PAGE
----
The Princess Casamassima by Henry JamesThe Princess Casamassima by Henry James

The Princess Casamassima

byHenry JamesIntroduction byDerek BrewerNotes byPatricia Crick

Paperback | June 2, 1987


Henry James conceived the character of Hyacinth Robinson—his 'little presumptuous adventurer with his combination of intrinsic fineness and fortuitous adversity'—while walking the streets of London. Brought up in poverty, Hyacinth has nevertheless developed aesthetic tastes that heighten his awareness of the sordid misery around him. He is drawn into the secret world of revolutionary politics and, in a moment of fervour, makes a vow that he will assassinate a major political figure. Soon after this he meets the beautiful Princess Casamassima. Captivated by her world of wealth and nobility, art and beauty, Hyacinth loses faith in radicalism, 'the beastly cause'. But tormented by his belief in honour, he must face an agonizing, and ultimately tragic, dilemma. The Princess Casamassima is one of James's most personal novels and yet one of the most socially engaged.

For more than seventy years, Penguin has been the leading publisher of classic literature in the English-speaking world. With more than 1,700 titles, Penguin Classics represents a global bookshelf of the best works throughout history and across genres and disciplines. Readers trust the series to provide authoritative texts enhanced by introductions and notes by distinguished scholars and contemporary authors, as well as up-to-date translations by award-winning translators.
Henry James (1843-1916) was born in New York and settled in Europe in 1875. He was a regular contributor of reviews, critical essays, and short stories to American periodicals. He is best known for his many novels of American and European character.
Title:The Princess CasamassimaFormat:PaperbackDimensions:608 pages, 7.8 × 5.09 × 1.37 inPublished:June 2, 1987Publisher:Penguin Publishing Group

The following ISBNs are associated with this title:

ISBN - 10:014043254x

ISBN - 13:9780140432541

Appropriate for ages: 18 - 18

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Rated 4 out of 5 by from Prescient Hyacinth Robinson, a young bookbinder and illegitimate son of a French mother who went to jail for murdering an English nobleman, purportedly his father, is torn between radical politics (aiding the downtrodden) and his love of beauty (art, ideas, books, the Princess Casamassima). Will revolutionary upheaval indiscriminately destroy the good with the bad ? Supporting characters, some radical, others not, are instrumental in shaping Hyacinth's dilemma. On one side is Pinnie, who raised him while eking out a living as a seamstress, and Anastasius Vetch, a fiddler, loyal companion to Pinnie and onetime radical, as well as a benevolent uncle figure. There is also the free spirited and working class Millicent, whose childhood friendship with Hyacinth, ups and downs notwithstanding, has weathered the test of time. The other side of the ideological divide includes the working class lads at the Sun and Moon pub, who are happy to nurse a few ales together, lament the woes of the world, and offer solutions. But they are all talk. And the beautiful and worldly Princess Casamassima, estranged from her husband, an Italian prince, presents as a bored dilettante seeking new and different experiences. Hence, her flirtation with revolutionary politics. By contrast, the idealistic and empathetic Lady Aurora is the consummate philanthropist. Virtuous to a fault, she is also timid and not one to assume leadership, which leaves a vacuum only too happily filled by abstract utopians, who tend to be disconnected from reality and seem unable (or unwilling ?) to respect people's individuality. Mr and Mrs Eustache Poupin, French expatriates, fall into this category, as does Paul Muniment, who is the most assertive of these three and the dominant radical in Hyacinth's immediate circle. Highly regarded by Lady Aurora, the Princess Casamassima, and Hyacinth, he is also devoted to his invalid sister, Rose. But he is so wedded to the utopian ideal that even friends are expendable pawns. Plus he is arrogant to the point of assuming he knows what is best for the poor and working classes without requiring their input. History teaches us that such personalities, upon attaining power, often resort to authoritarian or, worse, totalitarian means in pursuit of idealistic ends. Mass murder, serfdom, and destitution follow in their wake. How will an arrogant (and therefore flawed) soul, in conjunction with equally flawed like-minded, ever produce a heaven on earth ? Perhaps the final word goes to the always wise Mr Vetch, who long ago concluded that human imperfections ("passion, jealousies, superstitions, and stupidities") would remain with us in perpetuity, thus rendering utopia a logical impossibility. In essence then, frailties inherent within the human condition plus a comparison between loved ones/ friends and radicals ought to make Hyacinth's decision to accept or reject radical politics a no-brainer. On a final note, the author's 1886 critique of radical revolutionary movements is prescient, especially when accompanied by an astute reader's ability to read between the lines and unearth the potential consequences of these extremists' worldviews. Given twenty-twenty hindsight, we know the evils committed by them in the twentieth century and beyond.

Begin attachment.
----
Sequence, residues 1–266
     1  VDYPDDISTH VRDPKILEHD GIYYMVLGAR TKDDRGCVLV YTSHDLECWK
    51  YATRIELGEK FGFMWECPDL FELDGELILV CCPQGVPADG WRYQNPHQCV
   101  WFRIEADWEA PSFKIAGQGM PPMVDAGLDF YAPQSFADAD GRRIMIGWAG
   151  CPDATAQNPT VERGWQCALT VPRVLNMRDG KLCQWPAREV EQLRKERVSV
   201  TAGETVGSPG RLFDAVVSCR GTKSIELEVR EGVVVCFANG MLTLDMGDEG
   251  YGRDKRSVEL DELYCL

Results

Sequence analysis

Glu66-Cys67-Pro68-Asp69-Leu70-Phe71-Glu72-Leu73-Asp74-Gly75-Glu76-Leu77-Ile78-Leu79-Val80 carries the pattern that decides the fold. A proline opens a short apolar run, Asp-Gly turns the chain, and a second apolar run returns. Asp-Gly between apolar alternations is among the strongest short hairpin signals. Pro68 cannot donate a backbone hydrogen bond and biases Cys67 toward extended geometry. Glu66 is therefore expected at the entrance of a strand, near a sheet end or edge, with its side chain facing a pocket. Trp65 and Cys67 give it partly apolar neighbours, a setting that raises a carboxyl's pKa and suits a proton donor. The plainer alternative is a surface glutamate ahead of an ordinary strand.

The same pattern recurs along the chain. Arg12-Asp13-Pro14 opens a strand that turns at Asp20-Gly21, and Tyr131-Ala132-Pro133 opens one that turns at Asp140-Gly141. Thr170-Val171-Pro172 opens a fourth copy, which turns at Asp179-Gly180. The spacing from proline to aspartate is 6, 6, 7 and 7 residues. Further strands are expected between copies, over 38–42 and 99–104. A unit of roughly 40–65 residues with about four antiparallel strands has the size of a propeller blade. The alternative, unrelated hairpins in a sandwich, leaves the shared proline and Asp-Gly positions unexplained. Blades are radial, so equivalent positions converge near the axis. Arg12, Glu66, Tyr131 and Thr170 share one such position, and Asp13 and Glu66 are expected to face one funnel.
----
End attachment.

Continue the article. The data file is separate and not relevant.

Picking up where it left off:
Date published: 2016-06-30

From Our Editors

One of the cornerstones of the American literary canon, Henry James captured the subtle wiles of the human heart with great acuity. The characters in his novels are richly drawn and so true to life that James is often considered one of the greatest English-language writers of the 19th century. Of his novels, The Princess Casamassima was among the author's own favourites, and is now available in attractive edition from Penguin Classics.